Beset by rampant delays from the landing party side, he demanded that the navy make a dry run through the Dardanelles to the Sea of Marmara barging their way against the swiftly flowing tide. To the admirals, Winston’s stance was perplexing. Why forewarn an enemy of one’s future intentions by making such a foolhardy move? But Churchill was unmoved, implacable. His unquestioning belief and self-delusion did not listen to wise counsel that one had to adopt the tactics of a master poker player and never reveal one’s hand in advance. All protestations to the contrary were all to no avail.

Map of the Dardanelles. The high risk nature of this endeavour is clearly evident
Map of the Dardanelles. The high risk nature of this endeavour is clearly evident

With steadfast conviction, Winston ordered the fleet to enter the Dardanelles.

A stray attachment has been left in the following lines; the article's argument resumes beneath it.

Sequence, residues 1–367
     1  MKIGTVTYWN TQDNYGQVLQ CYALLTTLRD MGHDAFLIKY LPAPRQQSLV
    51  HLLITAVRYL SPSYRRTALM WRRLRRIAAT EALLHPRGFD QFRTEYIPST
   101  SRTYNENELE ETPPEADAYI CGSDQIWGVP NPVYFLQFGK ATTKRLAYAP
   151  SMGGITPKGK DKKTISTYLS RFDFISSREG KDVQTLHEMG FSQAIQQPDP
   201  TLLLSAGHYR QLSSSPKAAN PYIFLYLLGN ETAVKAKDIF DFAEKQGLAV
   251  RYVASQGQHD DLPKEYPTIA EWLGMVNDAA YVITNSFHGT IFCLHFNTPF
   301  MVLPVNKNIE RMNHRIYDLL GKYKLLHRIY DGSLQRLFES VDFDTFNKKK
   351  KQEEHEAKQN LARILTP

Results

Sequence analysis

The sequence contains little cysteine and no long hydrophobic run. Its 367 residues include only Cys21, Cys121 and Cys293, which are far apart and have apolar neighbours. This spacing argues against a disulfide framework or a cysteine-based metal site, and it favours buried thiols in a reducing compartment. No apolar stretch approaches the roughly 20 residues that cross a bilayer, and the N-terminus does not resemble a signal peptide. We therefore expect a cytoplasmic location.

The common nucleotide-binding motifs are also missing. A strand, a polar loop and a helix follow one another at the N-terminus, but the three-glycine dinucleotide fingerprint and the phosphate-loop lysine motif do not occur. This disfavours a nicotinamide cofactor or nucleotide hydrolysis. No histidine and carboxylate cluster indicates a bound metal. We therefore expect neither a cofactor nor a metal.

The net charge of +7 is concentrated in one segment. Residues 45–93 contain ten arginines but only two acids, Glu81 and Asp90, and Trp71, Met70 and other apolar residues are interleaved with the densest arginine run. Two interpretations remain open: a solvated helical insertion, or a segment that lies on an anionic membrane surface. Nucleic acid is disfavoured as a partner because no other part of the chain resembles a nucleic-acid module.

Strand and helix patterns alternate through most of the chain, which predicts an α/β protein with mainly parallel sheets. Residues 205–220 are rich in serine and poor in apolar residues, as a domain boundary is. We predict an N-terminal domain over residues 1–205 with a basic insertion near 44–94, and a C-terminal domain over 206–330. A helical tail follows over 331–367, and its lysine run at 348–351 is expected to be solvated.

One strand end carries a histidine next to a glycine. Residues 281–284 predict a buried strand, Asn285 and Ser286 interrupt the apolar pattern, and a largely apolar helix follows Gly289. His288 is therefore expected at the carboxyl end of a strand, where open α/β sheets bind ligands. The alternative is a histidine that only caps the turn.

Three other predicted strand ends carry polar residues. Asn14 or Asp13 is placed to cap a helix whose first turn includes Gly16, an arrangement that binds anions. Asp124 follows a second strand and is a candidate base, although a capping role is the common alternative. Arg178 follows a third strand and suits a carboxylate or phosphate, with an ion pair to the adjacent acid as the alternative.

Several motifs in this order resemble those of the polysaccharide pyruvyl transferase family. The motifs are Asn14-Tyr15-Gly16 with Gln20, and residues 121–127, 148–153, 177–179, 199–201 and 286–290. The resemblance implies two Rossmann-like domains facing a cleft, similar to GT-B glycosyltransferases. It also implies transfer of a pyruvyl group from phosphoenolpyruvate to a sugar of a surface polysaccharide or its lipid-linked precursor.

Meanwhile in Egypt, the Allies – Britain and France – were assembling their mainly untried raw recruits and putting them through their paces. With a paucity of British troops available as most reinforcements had been earmarked for despatch to France in order to replace the horrendous losses being suffered in the mincing machine that was Flanders, the British were compelled to rely on their colonial troops, the New Zealanders and Australians – the Anzacs as they came to be known.

As the naval flotilla forged its way eastwards through this sinew of water, they were being monitored by the astounded Turks. The Dardanelles, formerly known as Hellespont, is a 61km stretch of water connecting the Aegean Sea with the Sea of Marmara. Water follows in both directions but at different depths. From the Sea of Marmara to the Aegean it flows as a surface current and as deep underwater current in the opposite direction.

HMS Canopus fires a salvo from her 12 in (300 mm) guns against Ottoman forts in the Dardanelles
HMS Canopus fires a salvo from her 12 in (300 mm) guns against Ottoman forts in the Dardanelles

Recovering from the initial shock the shore-based guns of various calibres opened fire. The 16inch guns on the battleships returned fire. A heated exchange of fire ensued. The Turks smirked. They held all the jokers in their hands and the Allies in the Entente Cordial were blissfully unaware thereof. Goaded by a disdainful Churchill they sailed ever onward.